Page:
We left and headed over to Toe Jam, which she liked a lot better. I also took Merica up Bat Crack. Bat is a long 5.4 that goes all the way up Intersection Rock in one long pitch.
It starts out in a cool body slot chimney, passes a 10,000 year old car sized pile of bat dung, traverses some thin face climbing and finishes with 30 meters of wide crack. It’s a very lovely pitch. Merica climbed it in her puffy coat.
Because it gets dark and cold at 5 there is a lot of time to kill each evening. Dinner and a campfire is nice, but wood is expensive so we went out exploring in the desert on night hikes. A prime hiking destination from Hidden Valley campground is the famous Iron Door cave. Legend has it that a frustrated parent locked his developmentally disabled teenage son in the cave back in the last century. He would shove food in through holes in the sides of the locked cave and then leave. Craig and I tried to find it one night and gave up after wandering around in the desert for two hours. We stayed warm, but never found the Iron Door cave despite my having been there before in the day light.
Ammon took 4 of us there a couple nights later and he gave me landmarks as we walked, which burned it into my memory. Here are photos of us in the cave:
I captured this photo by having Craig sit in the cave with his red headlamp shining on the door. It set my Cannon 50D on a rock with a 10 second delay to about a 5 second exposure. During the exposure, I painted the rocks with my led headlamp, hence the blue coloring. I did not do any post processing in Photoshop. It came out of the camera like this.
After hanging out at the Iron Door cave, Ammon offered to take us to the Hobbit Hole. These pictures are from our first visit to the Hobbit Hole:
Red headlamps make cool lighting! I believe Ammon might have been smoking some of that wacky tabacky. I was glad to get out of there…the smoke was getting thick in that tiny little cave.
The girls had wisely decided not to accompany on our first night time hike. After leaving the Hobbit Hole, we headed back through the dark starry night towards the campground. Ammon, our guide, had imbibed rather heavily and was unsure of the way. All the desert mounds look similar at night and we soon realized we were lost. I located the north star and thought we could simply walk south. We would be bound to eventually hit one of the roads leading out from Intersection Rock. But after wandering south for a while, Ammon came to life and decided we were too far East. He took the lead again and we walked South West for half an hour until we saw a white spot reflecting light on the horizon.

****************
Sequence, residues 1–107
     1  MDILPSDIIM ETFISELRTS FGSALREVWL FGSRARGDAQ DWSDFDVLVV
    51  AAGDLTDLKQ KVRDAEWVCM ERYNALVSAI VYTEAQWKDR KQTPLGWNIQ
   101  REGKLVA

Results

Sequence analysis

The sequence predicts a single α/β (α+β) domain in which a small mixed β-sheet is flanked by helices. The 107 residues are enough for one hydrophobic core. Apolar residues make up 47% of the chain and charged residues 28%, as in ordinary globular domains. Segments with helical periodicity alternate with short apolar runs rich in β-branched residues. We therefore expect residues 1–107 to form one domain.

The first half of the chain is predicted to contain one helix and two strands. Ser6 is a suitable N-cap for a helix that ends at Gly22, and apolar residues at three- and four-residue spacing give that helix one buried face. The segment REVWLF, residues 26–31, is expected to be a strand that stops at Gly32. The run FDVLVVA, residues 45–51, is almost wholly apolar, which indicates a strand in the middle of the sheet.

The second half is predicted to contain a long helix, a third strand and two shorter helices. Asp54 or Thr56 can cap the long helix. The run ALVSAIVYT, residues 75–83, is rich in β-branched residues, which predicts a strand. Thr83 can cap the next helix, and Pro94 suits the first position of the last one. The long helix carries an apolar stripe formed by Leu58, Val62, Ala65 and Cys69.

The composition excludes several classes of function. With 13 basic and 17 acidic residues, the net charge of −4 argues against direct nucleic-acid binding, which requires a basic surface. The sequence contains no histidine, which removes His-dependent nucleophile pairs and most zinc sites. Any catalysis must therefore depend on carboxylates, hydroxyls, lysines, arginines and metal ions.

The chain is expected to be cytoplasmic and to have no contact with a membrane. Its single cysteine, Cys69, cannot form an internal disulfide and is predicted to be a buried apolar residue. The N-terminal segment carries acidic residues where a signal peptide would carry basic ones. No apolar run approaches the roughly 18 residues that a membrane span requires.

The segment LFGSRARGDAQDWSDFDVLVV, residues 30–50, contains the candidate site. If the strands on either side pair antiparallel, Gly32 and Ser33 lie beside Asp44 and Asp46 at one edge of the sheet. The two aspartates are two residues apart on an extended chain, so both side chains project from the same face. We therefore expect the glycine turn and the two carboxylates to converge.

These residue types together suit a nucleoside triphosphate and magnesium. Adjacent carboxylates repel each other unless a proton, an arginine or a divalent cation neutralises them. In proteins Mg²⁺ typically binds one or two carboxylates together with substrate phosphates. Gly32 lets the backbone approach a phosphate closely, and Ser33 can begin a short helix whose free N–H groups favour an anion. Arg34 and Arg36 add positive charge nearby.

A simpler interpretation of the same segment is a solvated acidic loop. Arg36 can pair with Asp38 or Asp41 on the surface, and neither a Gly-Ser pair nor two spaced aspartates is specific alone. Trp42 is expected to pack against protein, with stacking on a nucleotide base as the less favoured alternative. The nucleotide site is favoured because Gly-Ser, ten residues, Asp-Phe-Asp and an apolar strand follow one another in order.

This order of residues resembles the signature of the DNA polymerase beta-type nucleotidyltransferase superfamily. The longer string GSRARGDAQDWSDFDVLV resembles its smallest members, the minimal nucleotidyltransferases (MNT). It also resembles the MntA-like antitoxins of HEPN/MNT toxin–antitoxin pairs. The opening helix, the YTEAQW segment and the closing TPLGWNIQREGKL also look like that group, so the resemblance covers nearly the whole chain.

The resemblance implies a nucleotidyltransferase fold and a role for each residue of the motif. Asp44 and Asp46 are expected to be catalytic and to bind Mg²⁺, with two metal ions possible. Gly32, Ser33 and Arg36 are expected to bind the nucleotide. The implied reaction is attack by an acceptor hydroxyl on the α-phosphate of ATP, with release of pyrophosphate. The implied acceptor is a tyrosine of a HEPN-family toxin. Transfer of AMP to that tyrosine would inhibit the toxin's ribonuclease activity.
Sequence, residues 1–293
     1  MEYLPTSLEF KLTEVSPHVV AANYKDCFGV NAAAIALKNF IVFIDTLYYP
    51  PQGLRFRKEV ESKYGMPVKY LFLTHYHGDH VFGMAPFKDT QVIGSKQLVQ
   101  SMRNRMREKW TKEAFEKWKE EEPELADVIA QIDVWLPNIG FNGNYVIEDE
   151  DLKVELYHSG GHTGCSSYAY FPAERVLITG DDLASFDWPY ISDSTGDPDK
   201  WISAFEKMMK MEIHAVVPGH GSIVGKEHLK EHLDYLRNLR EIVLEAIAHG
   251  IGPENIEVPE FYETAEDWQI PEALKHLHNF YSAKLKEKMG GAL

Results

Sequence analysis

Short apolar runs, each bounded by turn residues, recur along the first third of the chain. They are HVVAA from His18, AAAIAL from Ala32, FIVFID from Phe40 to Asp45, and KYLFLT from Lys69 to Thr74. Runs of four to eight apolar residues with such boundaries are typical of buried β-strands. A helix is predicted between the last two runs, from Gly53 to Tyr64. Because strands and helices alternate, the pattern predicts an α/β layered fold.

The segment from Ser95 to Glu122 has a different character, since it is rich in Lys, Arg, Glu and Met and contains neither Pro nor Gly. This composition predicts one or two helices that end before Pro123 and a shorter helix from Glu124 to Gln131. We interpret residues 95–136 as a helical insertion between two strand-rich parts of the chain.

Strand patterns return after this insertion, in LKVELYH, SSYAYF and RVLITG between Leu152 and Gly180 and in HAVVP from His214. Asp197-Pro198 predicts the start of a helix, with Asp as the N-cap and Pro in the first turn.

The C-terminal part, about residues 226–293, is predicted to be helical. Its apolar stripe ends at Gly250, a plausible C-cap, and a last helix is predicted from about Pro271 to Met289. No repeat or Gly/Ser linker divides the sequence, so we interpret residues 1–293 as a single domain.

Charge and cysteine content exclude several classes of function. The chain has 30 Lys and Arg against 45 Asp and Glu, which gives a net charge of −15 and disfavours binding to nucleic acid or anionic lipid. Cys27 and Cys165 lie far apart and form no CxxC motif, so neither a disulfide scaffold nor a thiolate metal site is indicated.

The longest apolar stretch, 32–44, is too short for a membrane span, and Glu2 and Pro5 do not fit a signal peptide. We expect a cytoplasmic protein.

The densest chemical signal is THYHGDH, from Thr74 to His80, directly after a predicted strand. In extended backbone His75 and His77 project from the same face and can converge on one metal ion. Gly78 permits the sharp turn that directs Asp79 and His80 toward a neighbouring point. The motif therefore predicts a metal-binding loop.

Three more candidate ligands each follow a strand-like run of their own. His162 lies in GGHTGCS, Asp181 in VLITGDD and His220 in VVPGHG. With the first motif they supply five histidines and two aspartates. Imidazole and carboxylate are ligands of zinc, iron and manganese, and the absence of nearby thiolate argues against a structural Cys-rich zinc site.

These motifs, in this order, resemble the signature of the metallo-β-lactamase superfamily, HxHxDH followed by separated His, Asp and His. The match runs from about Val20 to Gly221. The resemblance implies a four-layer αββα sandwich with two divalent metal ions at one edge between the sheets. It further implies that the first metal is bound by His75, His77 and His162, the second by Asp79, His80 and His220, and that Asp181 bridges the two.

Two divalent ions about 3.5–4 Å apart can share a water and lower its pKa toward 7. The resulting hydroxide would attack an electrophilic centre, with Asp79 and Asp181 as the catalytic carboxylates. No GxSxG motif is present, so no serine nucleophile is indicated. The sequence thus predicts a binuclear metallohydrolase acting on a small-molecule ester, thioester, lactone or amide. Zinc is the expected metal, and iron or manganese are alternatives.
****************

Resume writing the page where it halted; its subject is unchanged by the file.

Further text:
It turned out to be a 25 MPH speed limit sign on a road…but what road? And which direction should we walk on said road? We turned right and walked for 10 minutes but decided it was the wrong direction. We turned around and walked the other way, eventually spotting the campfires of Hidden Valley campground. I was completely turned around by that time and had no idea where we were until we walked into the actual campground.
The next day was windy so we drove down to Indian Cove for warmer climbing, food and showers.
Craig and I had an awesome day during the first week where we ended the day with half an hour of light left. We realized we just had time to sail up Damper over on Chimney rock. We hot footed it over there and he led it with just two pieces of gear. I raced up it quickly thanks to my fat feet and hands. At the top we had time for a exactly 4 photos before the sun dropped below the horizon and the temperature dropped 20 degrees. There is no anchor up there, and if you don’t know your Joshua Tree descents it can get desperate. Someone had rapped off a brand new yellow Metolius cam and Craig snagged it. If only I hadn’t blown the rock paper scissors that cam would have been mine.